How to Approach Angel Investors

Raising capital from angel investors - usually themselves successful entrepreneurs often connected to the founder as a friend or family connection - has become a popular way to infuse capital in today's startups. Before approaching an angel investor, every founder must observe a few basics before they decide to seek funding from any source. As a brief outline, this piece is part of a series detailing the basics of raising funds with angel investors, where to meet them, how to talk to them, and the ins and outs of pitching. This is meant for a newcomer that is still learning the ropes.

Have an Idea and a Plan

Before you decide that you want to start meeting with angel investors, it should go without saying that you are going to need to have an idea and a plan to execute that idea. Simply put, it is smart to be able to flesh out at a business plan so you will have thought about how you are going to bring your idea to market and some of the logistics about the competition as well as budgeting and timelines of completion. You should be ready to present these in Guy Kawasaki style: 10 slides presented in 20 minutes with 30 point font.

Have a Team

You will need to have a team. If you can get at least two people on board with an idea then it will probably be much easier to get others to believe in your idea as well. In addition to that, you will also need to have your bases covered with either employees or advisors for all of your business, technological, financial, and public outreach needs. If you are working on something highly technical, it may benefit you to have a large board of advisors with PhDs and industry experts. If you are working on an app, having a CEO and CTO that are both competent with code will be equally helpful. Every team will be different, but the idea that it will play to the strengths of the company will be consistently important.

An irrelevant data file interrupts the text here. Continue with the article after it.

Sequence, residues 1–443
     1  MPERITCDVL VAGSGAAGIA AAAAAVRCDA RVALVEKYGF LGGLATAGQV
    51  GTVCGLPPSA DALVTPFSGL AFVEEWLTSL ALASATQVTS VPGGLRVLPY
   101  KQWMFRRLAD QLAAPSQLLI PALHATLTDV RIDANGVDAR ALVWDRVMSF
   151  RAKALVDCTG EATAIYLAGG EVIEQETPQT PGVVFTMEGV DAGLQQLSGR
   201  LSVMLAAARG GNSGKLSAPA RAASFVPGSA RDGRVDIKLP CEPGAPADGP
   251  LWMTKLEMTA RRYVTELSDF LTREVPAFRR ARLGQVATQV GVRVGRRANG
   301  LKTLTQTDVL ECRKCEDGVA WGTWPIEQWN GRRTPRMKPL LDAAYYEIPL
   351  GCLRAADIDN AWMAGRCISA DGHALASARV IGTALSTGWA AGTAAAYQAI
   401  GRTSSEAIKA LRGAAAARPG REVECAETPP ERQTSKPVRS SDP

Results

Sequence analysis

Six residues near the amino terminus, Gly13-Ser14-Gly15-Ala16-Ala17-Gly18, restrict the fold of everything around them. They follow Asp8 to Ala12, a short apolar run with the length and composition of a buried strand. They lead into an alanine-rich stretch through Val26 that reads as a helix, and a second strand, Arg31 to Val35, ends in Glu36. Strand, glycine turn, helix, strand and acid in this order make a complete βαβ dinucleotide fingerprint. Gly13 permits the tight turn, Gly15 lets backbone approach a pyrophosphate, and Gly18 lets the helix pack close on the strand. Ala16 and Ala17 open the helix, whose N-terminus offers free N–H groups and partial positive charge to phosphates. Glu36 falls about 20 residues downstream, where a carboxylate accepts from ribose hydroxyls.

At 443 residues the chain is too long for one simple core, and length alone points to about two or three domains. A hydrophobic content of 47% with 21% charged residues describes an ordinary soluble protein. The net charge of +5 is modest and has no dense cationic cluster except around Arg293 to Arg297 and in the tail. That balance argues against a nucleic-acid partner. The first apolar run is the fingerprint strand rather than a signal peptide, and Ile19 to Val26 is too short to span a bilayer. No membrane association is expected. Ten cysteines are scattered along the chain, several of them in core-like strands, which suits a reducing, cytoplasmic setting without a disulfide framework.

Have a Product

What have you actually done to build this out? If you have this as purely an idea stage, chances are you don’t need funding and won’t get it. If you are building an app, have your first iteration at least partially fleshed out or get something that you can get feedback from potential customers with. If you are working on something more technological, then have a prototype in process. It can be 3D printed and inexpensive, but showing that you have thought about how to turn this idea into something tangible (and more importantly, marketable) will show that you have the know-how to take the project on, as well as demonstrating that you have skin in the game that has already been invested into the idea. If you can get direct feedback from customers and present that to the angels, you can at least learn something in the process.

Have a Valuation

There are many ways to come to a number for a valuation. For an early stage company with a high potential for growth, an early stage valuation can be largely arbitrary. In the most basic of senses, a valuation is an indicator of how much you think a percentage of equity in your company is at this stage in the game. If an investor offers you $100,000 for a 20% share of equity, he is effectively saying that he thinks the company is worth a total of $500,000. Have this in mind before you think about meeting with an investor. You will want to know how much money you need and how much equity you are willing to part with to get that money.


Now that you've planned out your approach, you'll want to prepare for your meeting. Stay tuned for the next piece which will cover meeting and connecting with angel investors.